Reflecting on October’s being breast cancer awareness month, I recalled Elizabeth Stoker Bruenig’s thoughtful Ethika Politika essay on the Christian tendency to valorize Christian sexual teaching by etherealizing the female form.
Stoker Bruenig astutely diagnoses this tendency:
It’s an unsettling experience to enter into a space or conversation expecting to learn or discuss and instead find the topic of your most personal anatomy and experience up for consideration.
This points us to the chief issue: Essays like these, authored by men, are still principally about women, but only as objects of assessment. Similar pieces by women—say, an article by a Christian woman detailing the loveliness of her husband’s masculine sexual prowess and virility—would probably not get such a warm reception, and, indeed, such pieces are comparatively rare, and” don’t get much of a hearing in traditional spaces. This suggests that there is perhaps something questionable at work in the structure of these pieces: are we really arguing that Christian sexual ethics are superior on the merits, or are we arguing that one can maintain the tendency to sexually objectify women while still following the rules, so to speak? The line blurs.
When engaging with a secular culture that’s hostile to Christian sexual ethics, it’s tempting to adopt the language of the opposition to win on its own turf. But in this case doing so seems to push Christian women out of the conversation precisely because the language of secular sexual pop culture typically has misogynistic themes built in.
I’m tempted to say something similar about the way that some breast cancer awareness and fundraising campaigns operate, given how intentionally and ubiquitously some such campaigns draw dubious attention to the female anatomy.
I’ve seen huge banners strewn across college campuses that advertise the “Bowling for Boobs” fundraiser. “Bra pong” (“it catches the eye of students walking by,” one organizer explains) is a burgeoning form of fundraising. “I love boobies!” bracelets are common, as are T-shirts that self-consciously indulge the “appeal” of the anatomical beneficiaries of breast cancer research. Racy ads and public service announcements cash in (literally) on simple male lust: the logic of such advertisements seems to be, “Men, if you enjoy staring at women, support breast cancer research so that you can continue to do so”; the innuendo is unmistakable, and intentional.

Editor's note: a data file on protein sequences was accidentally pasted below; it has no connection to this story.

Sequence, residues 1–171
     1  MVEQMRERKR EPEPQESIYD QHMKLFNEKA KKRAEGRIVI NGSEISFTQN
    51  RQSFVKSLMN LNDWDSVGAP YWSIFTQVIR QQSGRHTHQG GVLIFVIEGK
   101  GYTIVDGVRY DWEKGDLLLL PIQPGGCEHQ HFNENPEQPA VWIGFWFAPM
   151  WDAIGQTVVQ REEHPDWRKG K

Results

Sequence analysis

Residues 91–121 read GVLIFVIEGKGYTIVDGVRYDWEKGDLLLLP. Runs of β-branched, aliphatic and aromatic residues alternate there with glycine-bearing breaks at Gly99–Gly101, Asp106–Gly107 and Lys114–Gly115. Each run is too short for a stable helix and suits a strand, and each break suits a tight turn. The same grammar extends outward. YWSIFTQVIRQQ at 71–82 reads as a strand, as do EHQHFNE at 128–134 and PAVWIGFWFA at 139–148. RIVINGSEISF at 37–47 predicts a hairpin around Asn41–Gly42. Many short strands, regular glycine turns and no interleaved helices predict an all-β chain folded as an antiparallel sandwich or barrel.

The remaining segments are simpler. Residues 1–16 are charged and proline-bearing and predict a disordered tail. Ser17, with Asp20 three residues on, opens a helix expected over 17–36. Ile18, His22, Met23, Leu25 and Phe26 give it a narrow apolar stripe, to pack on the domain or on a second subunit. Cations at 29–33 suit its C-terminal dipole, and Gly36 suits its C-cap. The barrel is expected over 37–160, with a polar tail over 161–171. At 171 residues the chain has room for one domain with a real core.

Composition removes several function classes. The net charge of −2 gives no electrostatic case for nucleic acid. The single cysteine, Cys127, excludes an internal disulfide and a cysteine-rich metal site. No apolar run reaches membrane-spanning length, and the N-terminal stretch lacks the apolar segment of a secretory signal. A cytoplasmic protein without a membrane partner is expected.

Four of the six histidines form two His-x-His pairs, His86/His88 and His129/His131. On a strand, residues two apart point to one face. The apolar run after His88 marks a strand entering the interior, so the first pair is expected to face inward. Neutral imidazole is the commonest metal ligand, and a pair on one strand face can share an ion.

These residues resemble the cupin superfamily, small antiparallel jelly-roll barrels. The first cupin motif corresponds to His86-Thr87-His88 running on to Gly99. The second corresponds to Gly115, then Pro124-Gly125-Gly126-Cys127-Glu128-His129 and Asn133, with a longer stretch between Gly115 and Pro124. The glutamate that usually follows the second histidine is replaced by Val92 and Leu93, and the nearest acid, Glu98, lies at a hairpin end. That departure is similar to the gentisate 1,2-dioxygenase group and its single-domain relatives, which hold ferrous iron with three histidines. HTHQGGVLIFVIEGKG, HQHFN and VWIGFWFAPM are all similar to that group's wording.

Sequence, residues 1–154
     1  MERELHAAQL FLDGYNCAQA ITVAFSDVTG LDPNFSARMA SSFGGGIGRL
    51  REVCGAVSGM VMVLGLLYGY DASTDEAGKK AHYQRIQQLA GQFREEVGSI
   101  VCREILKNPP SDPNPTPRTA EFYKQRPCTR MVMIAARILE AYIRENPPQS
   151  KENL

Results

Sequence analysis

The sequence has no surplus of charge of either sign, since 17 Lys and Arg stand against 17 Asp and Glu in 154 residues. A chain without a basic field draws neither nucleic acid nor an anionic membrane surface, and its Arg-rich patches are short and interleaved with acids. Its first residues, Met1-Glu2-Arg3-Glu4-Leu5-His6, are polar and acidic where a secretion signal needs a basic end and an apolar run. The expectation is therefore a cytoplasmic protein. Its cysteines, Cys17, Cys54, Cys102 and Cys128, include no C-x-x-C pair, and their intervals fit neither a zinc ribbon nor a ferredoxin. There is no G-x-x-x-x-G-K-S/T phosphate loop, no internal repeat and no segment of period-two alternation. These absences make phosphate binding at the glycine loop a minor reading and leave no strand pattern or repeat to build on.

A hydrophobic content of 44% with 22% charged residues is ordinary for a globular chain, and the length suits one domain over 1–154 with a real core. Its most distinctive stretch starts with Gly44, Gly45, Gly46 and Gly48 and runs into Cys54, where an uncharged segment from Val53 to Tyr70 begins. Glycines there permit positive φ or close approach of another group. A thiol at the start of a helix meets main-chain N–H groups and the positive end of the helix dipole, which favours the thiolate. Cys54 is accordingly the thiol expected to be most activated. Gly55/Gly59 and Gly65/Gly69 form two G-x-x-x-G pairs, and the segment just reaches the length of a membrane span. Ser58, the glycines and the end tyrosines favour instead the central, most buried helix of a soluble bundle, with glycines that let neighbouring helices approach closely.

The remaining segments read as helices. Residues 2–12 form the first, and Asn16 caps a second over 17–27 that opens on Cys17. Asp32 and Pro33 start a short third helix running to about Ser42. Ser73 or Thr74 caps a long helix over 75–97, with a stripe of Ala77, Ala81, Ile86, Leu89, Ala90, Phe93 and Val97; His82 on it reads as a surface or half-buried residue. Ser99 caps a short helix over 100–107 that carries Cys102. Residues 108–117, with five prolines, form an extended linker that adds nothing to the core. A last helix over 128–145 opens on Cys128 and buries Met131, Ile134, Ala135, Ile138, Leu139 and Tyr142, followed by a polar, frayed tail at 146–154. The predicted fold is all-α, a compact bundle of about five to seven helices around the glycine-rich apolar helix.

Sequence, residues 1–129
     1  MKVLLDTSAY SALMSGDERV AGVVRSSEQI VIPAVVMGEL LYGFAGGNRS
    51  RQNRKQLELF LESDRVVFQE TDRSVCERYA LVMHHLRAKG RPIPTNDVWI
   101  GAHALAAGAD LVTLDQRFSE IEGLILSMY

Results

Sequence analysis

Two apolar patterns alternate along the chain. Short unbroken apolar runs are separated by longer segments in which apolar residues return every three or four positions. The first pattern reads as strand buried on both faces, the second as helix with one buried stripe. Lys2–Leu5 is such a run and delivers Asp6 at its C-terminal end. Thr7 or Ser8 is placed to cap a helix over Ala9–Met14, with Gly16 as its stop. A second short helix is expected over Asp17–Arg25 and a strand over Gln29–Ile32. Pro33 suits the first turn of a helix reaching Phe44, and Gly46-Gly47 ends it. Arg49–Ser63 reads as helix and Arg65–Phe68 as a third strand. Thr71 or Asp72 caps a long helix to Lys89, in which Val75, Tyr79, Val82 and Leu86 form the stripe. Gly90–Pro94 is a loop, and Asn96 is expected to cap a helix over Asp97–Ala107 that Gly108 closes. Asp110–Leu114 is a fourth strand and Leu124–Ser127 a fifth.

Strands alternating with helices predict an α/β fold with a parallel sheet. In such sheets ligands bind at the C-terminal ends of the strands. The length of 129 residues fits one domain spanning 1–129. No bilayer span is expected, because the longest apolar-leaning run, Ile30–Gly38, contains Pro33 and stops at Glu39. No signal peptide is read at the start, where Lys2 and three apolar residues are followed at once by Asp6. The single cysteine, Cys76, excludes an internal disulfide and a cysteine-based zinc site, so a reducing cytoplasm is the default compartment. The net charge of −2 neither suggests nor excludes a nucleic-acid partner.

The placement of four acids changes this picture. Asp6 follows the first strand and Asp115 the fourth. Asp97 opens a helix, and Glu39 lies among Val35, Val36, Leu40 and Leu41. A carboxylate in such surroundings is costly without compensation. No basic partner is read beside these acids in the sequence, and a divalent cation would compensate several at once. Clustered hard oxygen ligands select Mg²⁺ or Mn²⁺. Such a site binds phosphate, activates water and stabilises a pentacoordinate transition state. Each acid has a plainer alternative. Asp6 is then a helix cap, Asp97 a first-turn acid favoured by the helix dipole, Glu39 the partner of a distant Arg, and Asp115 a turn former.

As Stoker Bruenig notes, of course, such logic would vanish were activists to attempt to apply it to cancer that affects any part of the male body; it’s impossible to imagine alliterative slogans that play upon slang terms for the male body proliferating as breast cancer catchphrases have. This shouldn’t surprise. Ours is a culture that feasts its gaze ravenously upon the female form, and specifically upon the female chest, such that appropriating society’s (men’s) common lust for preservation of the same seems organic and perhaps unobjectionable. Everyone can agree, after all, that funding research of and medical treatment for breast cancer is a good end.
On the other hand, the same tendency to objectify women’s bodies begets a flimsy, or at least inconsistent, commitment to women’s health on the whole. One doesn’t notice men clamoring for more sustained investigation into the increasingly demonstrably harmful medical effects of various forms of birth control, for example, precisely because male lust and commitment to women’s health would clash, rather than conspire, in such a project.
Health is more holistic than the proper functioning of our material parts, though that proper functioning is essential to good health. A reductive view of women’s health (which in this instance also happens to be objectivizing) by either men or women is disingenuous to the gravity of the issue at hand. Such objectifying attitudes are themselves unhealthy for both their owners and their targets, and they contravene any positive material or practical advances made otherwise in the name of (women’s) health.
The end doesn’t justify the means, and as a culture we should be honest about our motivations for producing and consuming advertisements and slogans that may simply amount to an occasion to think about, talk about, and even ogle a part of women that, it happens, stands in need of medical as well as “aesthetic” attention, and which we are quite happy to see so centralized in public forums of thought and action.
I don’t doubt that many who sport tasteless apparel that advertises for breast cancer awareness legitimately wish to advance that cause. But amid cultural concern for how commonly women are mistreated and objectified by men, we should think twice about making a patron of the same lechery that we rightfully denounce in other, less cheerful contexts.